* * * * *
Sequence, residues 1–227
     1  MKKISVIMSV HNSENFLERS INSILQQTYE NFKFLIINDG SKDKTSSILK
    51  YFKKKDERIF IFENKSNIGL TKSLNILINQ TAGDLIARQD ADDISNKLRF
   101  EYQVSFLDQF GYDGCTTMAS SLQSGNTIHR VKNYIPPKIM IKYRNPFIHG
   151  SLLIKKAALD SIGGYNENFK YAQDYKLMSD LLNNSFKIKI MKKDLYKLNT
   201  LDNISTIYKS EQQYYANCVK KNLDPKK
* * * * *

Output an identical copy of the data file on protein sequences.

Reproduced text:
Sequence, residues 1–227
     1  MKKISVIMSV HNSENFLERS INSILQQTYE NFKFLIINDG SKDKTSSILK
    51  YFKKKDERIF IFENKSNIGL TKSLNILINQ TAGDLIARQD ADDISNKLRF
   101  EYQVSFLDQF GYDGCTTMAS SLQSGNTIHR VKNYIPPKIM IKYRNPFIHG
   151  SLLIKKAALD SIGGYNENFK YAQDYKLMSD LLNNSFKIKI MKKDLYKLNT
   201  LDNISTIYKS EQQYYANCVK KNLDPKK